Iran Urges Dialogue to Resolve Mideast Conflicts

Hossein DehqaniHossein Dehqani

Iran's envoy to the United Nations, Hossein Dehqani, reiterated Iran's stance that regional conflicts should be addressed through dialogue and diplomacy.

In a brief note read out on the sidelines of the annual session of the UN General Assembly in New York on Saturday, Dehqani complained about the way Saudis handled the case of the deadly crush during the hajj pilgrimage last year.

"Saudis' mismanagement and negligence were the main culprit behind the incident that left thousands of pilgrims injured or dead," he was quoted as saying by IRNA.

The stampede happened when two groups of pilgrims on their way to perform the stoning of Satan ritual converged at an intersection in Mina, near Mecca, on September 24, 2015.

Riyadh has put the death toll at 769 while counts of fatalities by countries that repatriated bodies showed thousands of people perished in the crush, over 460 of them Iranians.

"The corpses were left unattended for hours in the sun, which was an act of disrespect. The families of the victims were kept in the dark about the fate of their loved ones for months," he said.

Dehqani complained that the Saudi hajj organizers have neither apologized, nor compensated the victims' families, and have refused to release a report into the disaster or allow an international fact-finding committee to conduct an independent probe.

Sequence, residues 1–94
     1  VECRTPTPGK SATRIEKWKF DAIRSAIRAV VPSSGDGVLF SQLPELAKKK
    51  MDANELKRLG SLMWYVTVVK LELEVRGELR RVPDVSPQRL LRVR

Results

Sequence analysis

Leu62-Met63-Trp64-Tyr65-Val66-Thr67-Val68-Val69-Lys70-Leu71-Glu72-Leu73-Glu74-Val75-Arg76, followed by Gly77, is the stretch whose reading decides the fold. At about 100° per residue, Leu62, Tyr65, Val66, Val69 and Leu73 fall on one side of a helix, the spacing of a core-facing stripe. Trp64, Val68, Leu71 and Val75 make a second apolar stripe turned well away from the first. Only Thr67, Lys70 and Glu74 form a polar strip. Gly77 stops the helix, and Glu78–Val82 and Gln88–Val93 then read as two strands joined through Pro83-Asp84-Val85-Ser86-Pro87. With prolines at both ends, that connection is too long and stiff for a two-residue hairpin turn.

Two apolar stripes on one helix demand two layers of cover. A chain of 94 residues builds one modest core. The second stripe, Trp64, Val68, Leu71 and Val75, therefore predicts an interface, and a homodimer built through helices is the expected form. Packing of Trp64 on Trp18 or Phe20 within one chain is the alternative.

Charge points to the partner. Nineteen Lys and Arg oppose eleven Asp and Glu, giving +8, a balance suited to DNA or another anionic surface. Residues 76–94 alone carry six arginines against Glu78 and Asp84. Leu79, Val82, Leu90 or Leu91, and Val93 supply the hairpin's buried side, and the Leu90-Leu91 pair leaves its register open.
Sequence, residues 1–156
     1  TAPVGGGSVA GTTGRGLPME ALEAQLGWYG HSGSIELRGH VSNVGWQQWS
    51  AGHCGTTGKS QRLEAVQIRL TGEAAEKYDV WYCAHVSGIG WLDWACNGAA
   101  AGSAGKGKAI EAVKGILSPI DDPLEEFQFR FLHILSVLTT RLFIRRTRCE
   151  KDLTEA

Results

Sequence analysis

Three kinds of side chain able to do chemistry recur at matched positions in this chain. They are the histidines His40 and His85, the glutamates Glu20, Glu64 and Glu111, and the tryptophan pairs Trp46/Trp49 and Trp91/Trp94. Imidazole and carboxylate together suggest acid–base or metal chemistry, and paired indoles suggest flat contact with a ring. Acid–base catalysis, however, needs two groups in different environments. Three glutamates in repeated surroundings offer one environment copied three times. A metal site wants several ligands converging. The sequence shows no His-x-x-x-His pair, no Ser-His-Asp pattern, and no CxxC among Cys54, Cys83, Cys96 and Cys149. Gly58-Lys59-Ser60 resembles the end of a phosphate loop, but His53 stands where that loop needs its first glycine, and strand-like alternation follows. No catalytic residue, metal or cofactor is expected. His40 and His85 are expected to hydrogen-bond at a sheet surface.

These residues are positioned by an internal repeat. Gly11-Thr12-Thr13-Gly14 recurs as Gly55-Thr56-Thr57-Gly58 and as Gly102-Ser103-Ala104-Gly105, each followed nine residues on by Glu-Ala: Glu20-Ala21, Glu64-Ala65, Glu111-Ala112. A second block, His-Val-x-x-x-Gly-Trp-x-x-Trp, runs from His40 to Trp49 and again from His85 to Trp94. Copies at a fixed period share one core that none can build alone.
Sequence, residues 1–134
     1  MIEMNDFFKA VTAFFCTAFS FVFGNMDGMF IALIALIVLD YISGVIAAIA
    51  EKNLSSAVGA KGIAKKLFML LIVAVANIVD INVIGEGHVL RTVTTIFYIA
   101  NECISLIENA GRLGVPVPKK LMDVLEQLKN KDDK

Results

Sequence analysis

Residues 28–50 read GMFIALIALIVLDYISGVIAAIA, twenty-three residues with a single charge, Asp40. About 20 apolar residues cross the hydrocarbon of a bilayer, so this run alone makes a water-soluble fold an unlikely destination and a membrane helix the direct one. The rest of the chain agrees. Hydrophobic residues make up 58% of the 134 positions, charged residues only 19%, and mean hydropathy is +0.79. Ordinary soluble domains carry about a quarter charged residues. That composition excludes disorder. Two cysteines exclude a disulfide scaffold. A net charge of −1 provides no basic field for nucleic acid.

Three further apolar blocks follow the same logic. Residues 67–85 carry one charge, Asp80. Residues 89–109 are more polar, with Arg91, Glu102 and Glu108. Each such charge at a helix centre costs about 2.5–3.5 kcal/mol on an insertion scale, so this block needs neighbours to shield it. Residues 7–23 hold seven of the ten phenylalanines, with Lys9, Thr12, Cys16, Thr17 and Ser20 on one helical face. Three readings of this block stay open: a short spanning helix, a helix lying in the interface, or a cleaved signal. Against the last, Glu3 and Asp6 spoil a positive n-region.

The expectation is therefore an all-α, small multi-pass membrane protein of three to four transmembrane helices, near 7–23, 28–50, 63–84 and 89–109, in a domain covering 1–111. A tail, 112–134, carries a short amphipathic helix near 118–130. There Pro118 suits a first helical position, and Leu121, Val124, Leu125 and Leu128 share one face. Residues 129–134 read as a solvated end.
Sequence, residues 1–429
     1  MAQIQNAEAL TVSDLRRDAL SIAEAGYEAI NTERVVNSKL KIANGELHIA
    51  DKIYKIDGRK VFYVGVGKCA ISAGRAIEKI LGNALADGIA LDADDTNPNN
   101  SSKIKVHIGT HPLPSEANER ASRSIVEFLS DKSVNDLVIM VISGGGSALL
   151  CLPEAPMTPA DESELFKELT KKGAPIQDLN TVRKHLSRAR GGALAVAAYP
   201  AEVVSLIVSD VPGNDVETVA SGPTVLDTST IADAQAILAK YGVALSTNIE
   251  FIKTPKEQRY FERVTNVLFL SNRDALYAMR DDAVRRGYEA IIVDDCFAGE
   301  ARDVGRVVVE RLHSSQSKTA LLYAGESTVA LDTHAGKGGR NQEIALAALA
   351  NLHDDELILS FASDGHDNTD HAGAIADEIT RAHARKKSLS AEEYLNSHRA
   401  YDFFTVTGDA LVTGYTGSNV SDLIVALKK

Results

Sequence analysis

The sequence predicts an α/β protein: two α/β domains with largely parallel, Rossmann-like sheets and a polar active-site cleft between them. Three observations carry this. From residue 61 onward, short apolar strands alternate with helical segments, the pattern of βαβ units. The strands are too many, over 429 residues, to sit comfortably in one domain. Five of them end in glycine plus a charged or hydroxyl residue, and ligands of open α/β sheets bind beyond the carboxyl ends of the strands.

Tehran and Riyadh have locked horns in disputes on a number of issues, which culminated in the Arab kingdom's decision to cut bilateral diplomatic ties in early January.

The move was prompted by Iranian protestors storming Saudi diplomatic missions in Tehran and Mashhad in a show of outrage over the execution of a prominent Shia cleric.

Iranian officials have bluntly criticized Riyadh's destabilizing role in the region for funding terrorists and also its ineptitude in running the hajj, by far the largest and most important Muslim ritual.

Leader of Islamic Revolution Ayatollah Seyyed Ali Khamenei highlighted the poor performance of Saudis and suggested earlier this month that Muslim countries think about ending Riyadh's control over the annual pilgrimage.

"Because of [the Saudi] rulers' oppressive behavior toward God's guests, the world of Islam must fundamentally reconsider the management of the two holy places [referring to the Grand Mosque in Mecca and the Prophet's (PBUH) Mosque in Medina] and the issue of hajj," he said.